Message from John Carter

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Wednesday, July 20, 2011

College Wrestling

I'm not sure how many of you guys watch or follow college wrestling, but I do, and  can tell you that this time of year, I begin to miss the excitement of the division I matches.  In the photo above, we see a match from 2008 in which Mark Perry (the guy without the facial modifications) is about to turn over Eric Tannenbaum of Michigan and win an NCAA championship.  In 2008, Mark wrestled for Iowa.  He has since gone on to coach.

College wrestling in the United States is what is called folkstyle or school-boy wrestling.  This is a distinct type of wrestling that is only practiced here in the US (and some of Canada).  The rest of the world practices what's called freestyle wrestling.  Folkstyle emphasizes the takedown (getting your opponent off his feet and onto his hands and knees) and dominance.  You are rewarded for how long you can ride an opponent - keeping him from escaping and getting back to his feet.  You also get points for turning your opponent's back to the mat, and - of course - you win immediately if you push his shoulders to the mat (a pin).

Schools are divided up into Division I, II, and III schools.  A school like the University of Iowa is a Division I school.  The University of Wisconsin at LeCrosse is a Division III school (I think).  Each year, wrestlers compete in what are known as dual matches - two teams of wrestlers.  Each team has a wrestler in the various weight classes.  For college the classes are 125, 133, 141, 149, 157, 165, 174, 184, and heavyweight.  I personally love the light-weight guys.

I can actually get pretty damned excited watching a college wrestling match.  And I mean that I get excited in every sense of the word.  When I watch a kid whom I've been following for years, I'm almost breathless with anticipation during a match - especially if he's wrestling someone who has a chance of beating him.  There is an element of sexual tension (to me) in a match when I watch as some young stud is held helpless before a crowd of his fans.  When he is turned over onto his back, struggling helplessly to escape, and at the mercy of his opponent, my heart is beating like a trip hammer.  And my cock is hard as a rock.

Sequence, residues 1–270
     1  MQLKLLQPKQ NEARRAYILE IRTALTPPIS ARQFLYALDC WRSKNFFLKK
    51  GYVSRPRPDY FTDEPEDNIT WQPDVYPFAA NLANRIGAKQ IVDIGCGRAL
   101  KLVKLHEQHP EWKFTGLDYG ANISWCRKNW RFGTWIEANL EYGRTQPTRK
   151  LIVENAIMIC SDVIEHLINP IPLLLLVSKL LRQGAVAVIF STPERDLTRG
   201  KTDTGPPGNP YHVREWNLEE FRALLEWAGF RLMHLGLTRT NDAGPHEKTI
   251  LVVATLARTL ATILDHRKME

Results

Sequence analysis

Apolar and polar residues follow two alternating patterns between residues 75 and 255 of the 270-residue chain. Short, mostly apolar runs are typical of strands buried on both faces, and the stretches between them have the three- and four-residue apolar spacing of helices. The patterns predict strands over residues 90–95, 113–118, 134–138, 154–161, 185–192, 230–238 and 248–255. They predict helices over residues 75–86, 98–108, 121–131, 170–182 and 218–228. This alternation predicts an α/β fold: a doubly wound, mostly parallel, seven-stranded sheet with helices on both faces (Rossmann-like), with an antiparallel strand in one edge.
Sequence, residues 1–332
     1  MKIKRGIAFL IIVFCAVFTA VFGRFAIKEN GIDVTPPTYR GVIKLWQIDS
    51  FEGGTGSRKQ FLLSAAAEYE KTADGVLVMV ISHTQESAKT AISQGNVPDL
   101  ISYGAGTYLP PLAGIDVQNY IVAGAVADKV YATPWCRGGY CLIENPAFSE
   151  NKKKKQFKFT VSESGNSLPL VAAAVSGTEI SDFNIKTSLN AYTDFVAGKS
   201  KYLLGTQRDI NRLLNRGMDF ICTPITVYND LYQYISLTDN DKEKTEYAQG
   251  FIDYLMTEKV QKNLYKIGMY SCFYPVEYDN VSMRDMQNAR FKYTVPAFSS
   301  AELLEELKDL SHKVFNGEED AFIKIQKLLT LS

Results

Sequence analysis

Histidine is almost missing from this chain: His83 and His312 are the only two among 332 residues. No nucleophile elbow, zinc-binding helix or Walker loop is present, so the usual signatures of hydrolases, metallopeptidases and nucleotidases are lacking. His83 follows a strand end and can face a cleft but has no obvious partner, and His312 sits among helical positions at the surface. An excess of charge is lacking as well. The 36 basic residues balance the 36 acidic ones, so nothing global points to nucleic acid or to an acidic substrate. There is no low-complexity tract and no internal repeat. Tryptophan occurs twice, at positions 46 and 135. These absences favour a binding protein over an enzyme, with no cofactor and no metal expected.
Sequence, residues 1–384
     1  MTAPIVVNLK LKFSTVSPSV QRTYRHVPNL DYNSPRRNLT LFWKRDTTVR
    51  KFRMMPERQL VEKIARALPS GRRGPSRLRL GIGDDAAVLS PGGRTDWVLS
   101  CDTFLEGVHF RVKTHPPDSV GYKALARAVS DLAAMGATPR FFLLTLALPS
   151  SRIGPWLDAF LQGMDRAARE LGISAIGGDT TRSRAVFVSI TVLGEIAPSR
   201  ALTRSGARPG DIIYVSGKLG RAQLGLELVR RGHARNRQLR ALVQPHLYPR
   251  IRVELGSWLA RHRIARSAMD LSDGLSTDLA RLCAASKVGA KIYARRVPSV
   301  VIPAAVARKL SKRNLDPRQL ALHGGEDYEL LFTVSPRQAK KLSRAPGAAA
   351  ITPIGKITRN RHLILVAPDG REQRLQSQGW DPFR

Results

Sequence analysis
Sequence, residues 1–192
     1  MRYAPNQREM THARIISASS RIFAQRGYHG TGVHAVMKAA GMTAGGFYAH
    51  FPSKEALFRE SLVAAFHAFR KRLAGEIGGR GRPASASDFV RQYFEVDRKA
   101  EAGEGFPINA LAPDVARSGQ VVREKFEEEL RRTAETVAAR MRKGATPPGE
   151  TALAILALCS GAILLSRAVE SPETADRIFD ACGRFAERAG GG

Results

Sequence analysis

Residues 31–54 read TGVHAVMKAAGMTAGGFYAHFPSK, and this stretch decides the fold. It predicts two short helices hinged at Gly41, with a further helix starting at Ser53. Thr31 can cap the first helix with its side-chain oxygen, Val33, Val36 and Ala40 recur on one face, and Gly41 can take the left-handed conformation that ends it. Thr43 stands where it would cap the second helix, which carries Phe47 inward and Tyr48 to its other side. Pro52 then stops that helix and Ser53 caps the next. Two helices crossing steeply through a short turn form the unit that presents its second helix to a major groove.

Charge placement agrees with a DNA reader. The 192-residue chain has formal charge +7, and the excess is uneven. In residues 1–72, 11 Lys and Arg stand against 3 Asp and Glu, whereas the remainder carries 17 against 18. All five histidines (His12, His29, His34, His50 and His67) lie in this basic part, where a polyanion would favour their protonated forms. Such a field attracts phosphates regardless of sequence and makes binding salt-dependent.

I've never really been turned on by pro wrestling.  It is too obviously fake to trip my switch.  I don't really enjoy watching wrestling videos where the guys are just going through the motions.  I much more enjoy a match where the guys know a little about wrestling and are really trying to submit each other.  I need to see the struggle, the sweat, the domination of one guy over the other.  The abject humiliation as one is beaten  and left on the mats, totally spent.


  1. Nice blog! Point of clarification on your latest post. You are correct that collegiate, or folkstyle, wrestling is what you see in the NCAA schools. What you witness at the high school level is a modified version of the style used in college. There is no riding time awarded in high school, and all three periods in high school are two minutes each versus a first period of three minutes in college followed by two two minute periods.

    Appreciate your reflections on wanting to wrestle and finally gathering up the courage to do it as a middle aged man. It's unfortunate that so many gay men were prohibited from wrestling in middle and high school by perceived homophobia or internal homophobia.

    If you ever get to Wisconsin and want to rumble, let me know. Global profile is lghtwtwrestle and have coaching experience and lots of folkstyle and freestyle experience.

  2. Wrestling is a great sport and I wa sinvolved with it for 5 years in college (Div III). Now I do jiujitsu at the local MMA GYM 3-4 times a week and it is a thrilling experience as well. Live in San Diego and can't get enough of it.